He also criticized Foundation Communities for spending $100,000 to support the bonds. Moreau said, “We played a leadership role in advocating for passage of the affordable housing bonds in 2013, and we are allowed to do that as a nonprofit. We think it was morally, ethically and legally a part of our mission. But Don disagrees.”
Zimmerman used the phrase “no means no” and blew a rape whistle in a TV interview to equate the return of the housing bonds in 2013 with the rape of taxpayers.
Most of Zimmerman’s colleagues did not seem to share his enthusiasm for stopping the housing projects. He asked state Rep. Donna Howard, D-Austin, for her assistance in opposing Cardinal Point. However, in a letter dated Feb. 5, Howard made it clear that she fully supports the project and disagrees with at least one of his concerns.
According to Howard’s letter, Zimmerman has three main concerns with the project: “its proximity to mass transit, its impact on traffic congestion and the effect on the project by a pending lawsuit.” In addition, she wrote, “You have also relayed your constituents’ demand that public funds for affordable housing should instead be applied to congestion relief.”
Howard notes that Cardinal Point will be reasonably close to a Capital Metro bus stop and that federal housing tax credit funds cannot be reallocated to fund transit projects. She also said that whatever the Supreme Court decides, it should have no bearing on the current process.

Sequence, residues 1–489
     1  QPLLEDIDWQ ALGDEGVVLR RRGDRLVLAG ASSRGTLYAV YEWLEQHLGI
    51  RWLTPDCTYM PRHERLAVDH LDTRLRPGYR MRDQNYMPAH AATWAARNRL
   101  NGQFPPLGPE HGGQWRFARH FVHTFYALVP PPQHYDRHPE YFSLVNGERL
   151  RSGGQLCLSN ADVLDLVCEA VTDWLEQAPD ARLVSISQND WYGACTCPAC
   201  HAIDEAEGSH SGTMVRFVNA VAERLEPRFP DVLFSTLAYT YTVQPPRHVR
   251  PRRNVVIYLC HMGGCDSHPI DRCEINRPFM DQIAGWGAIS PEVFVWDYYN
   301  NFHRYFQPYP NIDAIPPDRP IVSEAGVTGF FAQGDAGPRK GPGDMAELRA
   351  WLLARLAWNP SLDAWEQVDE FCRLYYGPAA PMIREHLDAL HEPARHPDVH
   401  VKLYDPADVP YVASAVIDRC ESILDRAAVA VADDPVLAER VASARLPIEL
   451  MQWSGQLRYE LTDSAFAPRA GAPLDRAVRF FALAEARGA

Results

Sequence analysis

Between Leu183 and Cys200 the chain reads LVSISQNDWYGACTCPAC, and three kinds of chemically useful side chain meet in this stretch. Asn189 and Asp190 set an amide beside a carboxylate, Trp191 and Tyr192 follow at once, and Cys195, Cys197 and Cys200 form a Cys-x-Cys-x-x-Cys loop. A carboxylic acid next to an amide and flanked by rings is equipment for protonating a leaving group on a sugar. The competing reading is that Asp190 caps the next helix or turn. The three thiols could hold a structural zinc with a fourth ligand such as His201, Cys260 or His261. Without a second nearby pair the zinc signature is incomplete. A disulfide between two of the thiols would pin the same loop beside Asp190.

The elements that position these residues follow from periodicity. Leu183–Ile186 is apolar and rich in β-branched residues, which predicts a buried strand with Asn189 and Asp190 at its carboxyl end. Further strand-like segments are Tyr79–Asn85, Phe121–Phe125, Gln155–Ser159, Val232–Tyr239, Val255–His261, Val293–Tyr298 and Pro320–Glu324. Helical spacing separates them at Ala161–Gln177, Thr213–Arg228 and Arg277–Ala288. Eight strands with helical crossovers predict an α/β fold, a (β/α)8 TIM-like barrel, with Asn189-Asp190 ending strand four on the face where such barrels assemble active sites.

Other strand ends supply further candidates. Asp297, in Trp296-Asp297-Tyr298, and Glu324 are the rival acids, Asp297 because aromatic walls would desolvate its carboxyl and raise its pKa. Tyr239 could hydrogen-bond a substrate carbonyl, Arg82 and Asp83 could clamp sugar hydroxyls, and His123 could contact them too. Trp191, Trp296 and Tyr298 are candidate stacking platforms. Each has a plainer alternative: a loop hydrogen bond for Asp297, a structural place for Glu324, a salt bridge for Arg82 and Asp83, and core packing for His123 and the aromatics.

In addition, Howard went out of her way to praise Foundation Communities. “The organization has developed more than 1,500 units of affordable multifamily housing; Cardinal Point will build on this record of accomplishment, meeting a need in a high-opportunity area of Northwest Austin. This new apartment community will create a rare affordable rental option for families that want to live and work in the Four Points area. For these reasons, I am proud to support the project’s TDHCA application, and will be submitting a letter of endorsement to the department.”
Zimmerman has also proposed state legislation that would give an individual Council member, county commissioner or presiding officer of a municipal utility district extra clout in determining who gets federal housing credits.
According to Howard aide Scott Daigle, Howard declined to support that legislation. Zimmerman sent the request to 17 different legislators, but without the matter being a part of the city’s legislative program, it has little chance of gaining traction.